1. MSXSL.EXE: Microsoft provides free download of simple XSLT tool (MSXSL.exe). You can get this for free from Microsoft's website. This tool also provides time to do the transformation with -t option.

Example: msxsl.exe SampleXML.xml SampleXSL.xsl -o Output1.html -t

The above command transforms SampleXML.xml (by applying XSL from SampleXSL.xsl) and sends the output Output1.html. The above command also gives the timings (-t option).

Note: MSXSL.EXE is only light wrapper using MSXML components. So you have to install latest MSXML from Microsoft site before using this tool.

2. Internet Explorer (>= 5.x): You can use IE (Version > 5.x) to reference XSLT inside any XML document and let IE do the transformation. This is good for testing your XSL files.

Using XSLT without .net?

It is not the intention to address related XSLT details in this article. But for the sake of completion I will cover few options.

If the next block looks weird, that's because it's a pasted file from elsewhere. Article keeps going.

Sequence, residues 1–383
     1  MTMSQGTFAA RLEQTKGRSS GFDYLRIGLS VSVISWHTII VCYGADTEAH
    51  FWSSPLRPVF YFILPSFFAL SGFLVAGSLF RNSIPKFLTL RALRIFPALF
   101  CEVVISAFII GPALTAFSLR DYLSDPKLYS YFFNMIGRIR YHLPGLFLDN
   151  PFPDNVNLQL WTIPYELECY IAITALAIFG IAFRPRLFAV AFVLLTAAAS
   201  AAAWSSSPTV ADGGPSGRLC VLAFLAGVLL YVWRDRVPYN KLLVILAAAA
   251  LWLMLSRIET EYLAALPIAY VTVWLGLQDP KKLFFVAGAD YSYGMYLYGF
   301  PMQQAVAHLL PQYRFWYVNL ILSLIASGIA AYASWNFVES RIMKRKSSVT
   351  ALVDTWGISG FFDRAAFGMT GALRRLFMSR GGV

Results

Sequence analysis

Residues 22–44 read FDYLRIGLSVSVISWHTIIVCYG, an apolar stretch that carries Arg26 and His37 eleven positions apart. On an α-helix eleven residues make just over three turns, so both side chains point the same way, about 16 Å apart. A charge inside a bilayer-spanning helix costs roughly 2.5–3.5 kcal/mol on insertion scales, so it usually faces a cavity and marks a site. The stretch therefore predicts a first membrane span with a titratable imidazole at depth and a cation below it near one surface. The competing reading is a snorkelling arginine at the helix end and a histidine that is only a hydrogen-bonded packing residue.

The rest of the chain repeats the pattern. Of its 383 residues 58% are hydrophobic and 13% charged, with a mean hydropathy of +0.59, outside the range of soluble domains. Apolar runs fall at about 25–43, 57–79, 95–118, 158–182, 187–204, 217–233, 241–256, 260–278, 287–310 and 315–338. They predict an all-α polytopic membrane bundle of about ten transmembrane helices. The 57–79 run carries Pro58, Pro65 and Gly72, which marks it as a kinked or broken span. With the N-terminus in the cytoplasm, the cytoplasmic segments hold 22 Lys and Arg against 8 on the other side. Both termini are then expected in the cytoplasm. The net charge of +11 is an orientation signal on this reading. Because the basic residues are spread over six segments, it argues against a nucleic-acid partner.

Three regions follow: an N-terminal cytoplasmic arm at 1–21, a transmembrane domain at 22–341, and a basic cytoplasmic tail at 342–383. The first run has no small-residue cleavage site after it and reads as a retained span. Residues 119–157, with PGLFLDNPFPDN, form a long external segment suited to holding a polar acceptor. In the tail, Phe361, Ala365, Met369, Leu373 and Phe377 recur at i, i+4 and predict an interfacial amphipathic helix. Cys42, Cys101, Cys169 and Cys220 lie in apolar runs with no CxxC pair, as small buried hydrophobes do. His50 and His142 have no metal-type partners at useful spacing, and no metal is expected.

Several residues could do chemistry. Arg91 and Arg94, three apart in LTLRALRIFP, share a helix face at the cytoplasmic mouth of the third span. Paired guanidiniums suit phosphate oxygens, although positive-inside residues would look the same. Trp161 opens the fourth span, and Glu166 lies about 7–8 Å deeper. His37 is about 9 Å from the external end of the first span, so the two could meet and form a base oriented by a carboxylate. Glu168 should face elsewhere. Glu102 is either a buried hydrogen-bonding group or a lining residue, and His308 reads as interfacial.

If all the users are using IE (version >= 5.x), then IE has built in support to apply XSL on XML and show the result. Instead of server-side transformation you could use this, but it may force all users to use correct IE version. There are some ISAPI filters available on IIS that can do server-side transformation if browser does not support it etc.


  1. Books on XSLT: I liked Wrox Book "XSLT Programmer's Reference". I think it is a good book on XSLT. Here's a link to more information about the book: XSLT : Programmer's Reference.

  2. W3C XSLT 1.0 recommendation:

  3. Good article on using XSLT for merging documents:

    (Samples in this article use few ideas from above article)

  4. MSXML 4.0: Microsoft MSXML (Implementation of W3C XSLT 1.0 recommendation)

  5. MSXSL.exe: Command Line Transformation Utility (msxsl.exe) - Command line tool to test XSLT

  6. .net Framework example using XSLT (for both

    You can find many useful samples on Microsoft website using XslTransformation or scripting etc. The following is the link that uses <msxsl:script> example: XSLT Stylesheet Scripting using <msxsl:script>